Nathan was on something today and it wasn't the planet earth. It took him a full minute to write his name and when he spoke I could scarcely make out what he was saying. He brought two bunches of tiny pinkish flowers that gave off a a strong sweet smell—or so I thought until I sniffed them.
He handed them out to women at the Day Center. We he ran out of flowers, he was able to replenish his supply fairly quickly, probably from a nearby vacant lot.
If he wanted something, I never did figure out what it was.
I've known "Kris" for two or three years, although she's been in town at least since 2011. Doing some research recently, I came across a video where she spoke at an Occupy Grand Junction rally. She announced that she was an abuse victim who was temporarily homeless because she'd just left her man.
In the video, she seemed strong and confident, determined to get into housing. Now she's pipe cleaner thin and a shade manic. I think she camps and also lives in her truck. Having a vehicle that runs gives her a certain power and her easygoing manner lets her get away with mischief.
But today she asked if she could refill her sugar supply (a 16-ounce Coke bottle) with our sugar. Though I'm inclined to be generous, we buy sugar for the coffee and it's a much-in-demand commodity. Supplying her camp and shorting other guests doesn't fly.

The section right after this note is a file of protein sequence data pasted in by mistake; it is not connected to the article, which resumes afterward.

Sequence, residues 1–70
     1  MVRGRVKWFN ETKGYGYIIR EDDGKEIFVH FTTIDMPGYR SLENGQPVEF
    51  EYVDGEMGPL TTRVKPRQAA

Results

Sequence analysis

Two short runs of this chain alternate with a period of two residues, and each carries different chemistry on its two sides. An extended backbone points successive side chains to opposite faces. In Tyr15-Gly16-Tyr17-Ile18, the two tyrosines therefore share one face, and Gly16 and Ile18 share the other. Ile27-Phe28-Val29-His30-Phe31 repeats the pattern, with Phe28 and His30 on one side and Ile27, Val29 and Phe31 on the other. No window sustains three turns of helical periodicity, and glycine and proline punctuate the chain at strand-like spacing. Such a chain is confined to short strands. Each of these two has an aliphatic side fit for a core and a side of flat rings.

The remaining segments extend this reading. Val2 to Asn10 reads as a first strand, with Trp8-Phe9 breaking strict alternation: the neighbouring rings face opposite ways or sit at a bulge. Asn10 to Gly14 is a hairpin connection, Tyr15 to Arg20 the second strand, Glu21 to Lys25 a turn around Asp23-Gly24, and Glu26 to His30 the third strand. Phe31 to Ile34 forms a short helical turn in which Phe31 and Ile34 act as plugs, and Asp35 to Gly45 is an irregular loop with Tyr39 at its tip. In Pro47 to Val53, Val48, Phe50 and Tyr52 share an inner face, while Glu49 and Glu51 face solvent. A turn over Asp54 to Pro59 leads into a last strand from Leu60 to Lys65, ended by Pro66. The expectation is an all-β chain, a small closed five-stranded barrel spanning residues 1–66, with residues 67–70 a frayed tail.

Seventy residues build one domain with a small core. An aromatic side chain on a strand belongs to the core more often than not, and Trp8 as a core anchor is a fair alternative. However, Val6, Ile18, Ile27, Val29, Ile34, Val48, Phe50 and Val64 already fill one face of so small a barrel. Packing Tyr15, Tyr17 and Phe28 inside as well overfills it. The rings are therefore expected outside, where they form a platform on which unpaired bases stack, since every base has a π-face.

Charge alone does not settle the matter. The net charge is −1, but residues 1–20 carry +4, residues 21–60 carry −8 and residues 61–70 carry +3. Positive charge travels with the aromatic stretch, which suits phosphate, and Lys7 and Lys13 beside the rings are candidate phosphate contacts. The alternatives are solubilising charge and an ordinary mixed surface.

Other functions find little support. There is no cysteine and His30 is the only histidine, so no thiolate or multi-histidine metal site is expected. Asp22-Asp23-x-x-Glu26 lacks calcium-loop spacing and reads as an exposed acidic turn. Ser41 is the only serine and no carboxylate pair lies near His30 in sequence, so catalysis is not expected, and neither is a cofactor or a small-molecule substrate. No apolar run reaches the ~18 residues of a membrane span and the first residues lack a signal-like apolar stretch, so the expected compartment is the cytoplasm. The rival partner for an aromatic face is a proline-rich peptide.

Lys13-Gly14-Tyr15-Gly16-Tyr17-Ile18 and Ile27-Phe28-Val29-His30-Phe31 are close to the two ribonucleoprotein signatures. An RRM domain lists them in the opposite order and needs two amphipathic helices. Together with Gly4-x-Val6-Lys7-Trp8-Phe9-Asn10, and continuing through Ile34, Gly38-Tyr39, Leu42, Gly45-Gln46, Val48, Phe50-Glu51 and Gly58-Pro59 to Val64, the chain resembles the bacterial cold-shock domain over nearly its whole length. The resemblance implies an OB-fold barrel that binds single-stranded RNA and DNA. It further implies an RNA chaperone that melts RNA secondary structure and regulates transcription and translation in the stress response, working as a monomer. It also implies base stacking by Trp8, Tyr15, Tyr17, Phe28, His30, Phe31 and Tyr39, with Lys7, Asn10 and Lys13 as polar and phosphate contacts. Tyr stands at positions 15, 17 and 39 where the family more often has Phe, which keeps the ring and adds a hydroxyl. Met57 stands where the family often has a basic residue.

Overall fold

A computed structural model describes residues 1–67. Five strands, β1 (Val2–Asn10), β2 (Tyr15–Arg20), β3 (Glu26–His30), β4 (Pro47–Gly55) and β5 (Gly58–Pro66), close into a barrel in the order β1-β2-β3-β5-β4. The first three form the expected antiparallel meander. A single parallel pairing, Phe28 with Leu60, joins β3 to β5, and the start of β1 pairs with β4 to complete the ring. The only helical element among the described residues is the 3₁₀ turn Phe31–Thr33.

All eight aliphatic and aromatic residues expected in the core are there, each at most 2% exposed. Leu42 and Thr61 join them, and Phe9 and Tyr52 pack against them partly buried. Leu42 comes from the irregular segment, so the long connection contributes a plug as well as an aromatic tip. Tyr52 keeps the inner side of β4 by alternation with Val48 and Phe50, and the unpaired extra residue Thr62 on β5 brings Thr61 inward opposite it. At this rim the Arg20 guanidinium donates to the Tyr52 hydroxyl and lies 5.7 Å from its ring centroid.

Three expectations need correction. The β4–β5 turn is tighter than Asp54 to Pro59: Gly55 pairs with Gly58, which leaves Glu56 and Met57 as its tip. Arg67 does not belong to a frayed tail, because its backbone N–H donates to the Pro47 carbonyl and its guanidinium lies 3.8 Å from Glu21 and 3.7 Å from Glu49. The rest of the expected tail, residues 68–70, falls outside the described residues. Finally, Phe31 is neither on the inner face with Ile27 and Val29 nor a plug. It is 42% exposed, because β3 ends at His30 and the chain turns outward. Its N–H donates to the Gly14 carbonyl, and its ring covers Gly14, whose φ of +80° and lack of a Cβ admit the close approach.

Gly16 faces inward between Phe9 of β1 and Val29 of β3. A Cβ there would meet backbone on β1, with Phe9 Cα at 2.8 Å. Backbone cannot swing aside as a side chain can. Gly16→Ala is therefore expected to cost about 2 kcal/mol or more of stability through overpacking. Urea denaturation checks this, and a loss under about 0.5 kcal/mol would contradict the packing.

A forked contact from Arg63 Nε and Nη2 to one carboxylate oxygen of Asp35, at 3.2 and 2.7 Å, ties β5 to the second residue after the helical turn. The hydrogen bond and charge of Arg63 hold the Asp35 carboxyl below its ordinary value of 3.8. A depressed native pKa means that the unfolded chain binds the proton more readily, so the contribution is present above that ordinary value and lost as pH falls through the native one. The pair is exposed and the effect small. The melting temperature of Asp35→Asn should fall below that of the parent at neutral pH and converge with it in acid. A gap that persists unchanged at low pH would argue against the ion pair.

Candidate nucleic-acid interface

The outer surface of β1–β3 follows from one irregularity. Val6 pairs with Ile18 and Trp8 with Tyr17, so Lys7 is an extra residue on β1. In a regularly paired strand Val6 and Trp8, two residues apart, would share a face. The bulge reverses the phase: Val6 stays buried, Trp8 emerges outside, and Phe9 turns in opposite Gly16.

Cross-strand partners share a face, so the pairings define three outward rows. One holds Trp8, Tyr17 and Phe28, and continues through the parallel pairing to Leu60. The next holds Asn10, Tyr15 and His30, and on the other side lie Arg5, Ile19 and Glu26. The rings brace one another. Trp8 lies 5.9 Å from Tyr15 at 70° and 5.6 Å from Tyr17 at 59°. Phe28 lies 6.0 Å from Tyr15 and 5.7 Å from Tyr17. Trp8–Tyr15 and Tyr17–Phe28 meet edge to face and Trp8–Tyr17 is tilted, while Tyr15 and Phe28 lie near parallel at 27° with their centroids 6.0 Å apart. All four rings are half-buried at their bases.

I told her, I'm not the Sugar Man.
When we turn down requests like that, most guests get it, and you will find a great deal of sharing taking place among people who are homeless. A man who hangs with Kris had lent some of his winter gear to a young woman sleeping outside, for example. But there's also an undercurrent of theft. Sometimes it personal, and people get beat up, but other times it's just survival instinct. When something valuable appears, they just grab and don't think about it.
"Alysse" is another regular I enjoy talking to. She's living down the block now and told me a woman had traded a Rolex for the house next door to her. The owner had planned to tear it down but turned out to be loaded with asbestos and cost her more than the Rolex to clean it up. I used to think Alysse's only issues were alcohol and an overbearing mother, but today I had to recalibrate when she told me she was looking for oil riggers to go to work in Nigeria and anyone interested was supposed to leave their name with me.
I'm not the Nigerian Oil Patch Man, either.
A woman sat in the vestibule with her twin toddlers for a few hours. The kids can't come in, so she and her husband passed back and forth, sometimes leaving the boy and girl unattended in their stroller. They seem happy, alert and well-adjusted. The little girl helped me clean chairs at closing time. I heard the mother singing positive affirmations to them. But I also heard the husband running down the mom. It's not a good situation for anyone right now, but the kids especially didn't choose this.
Sorry, we're not a day care.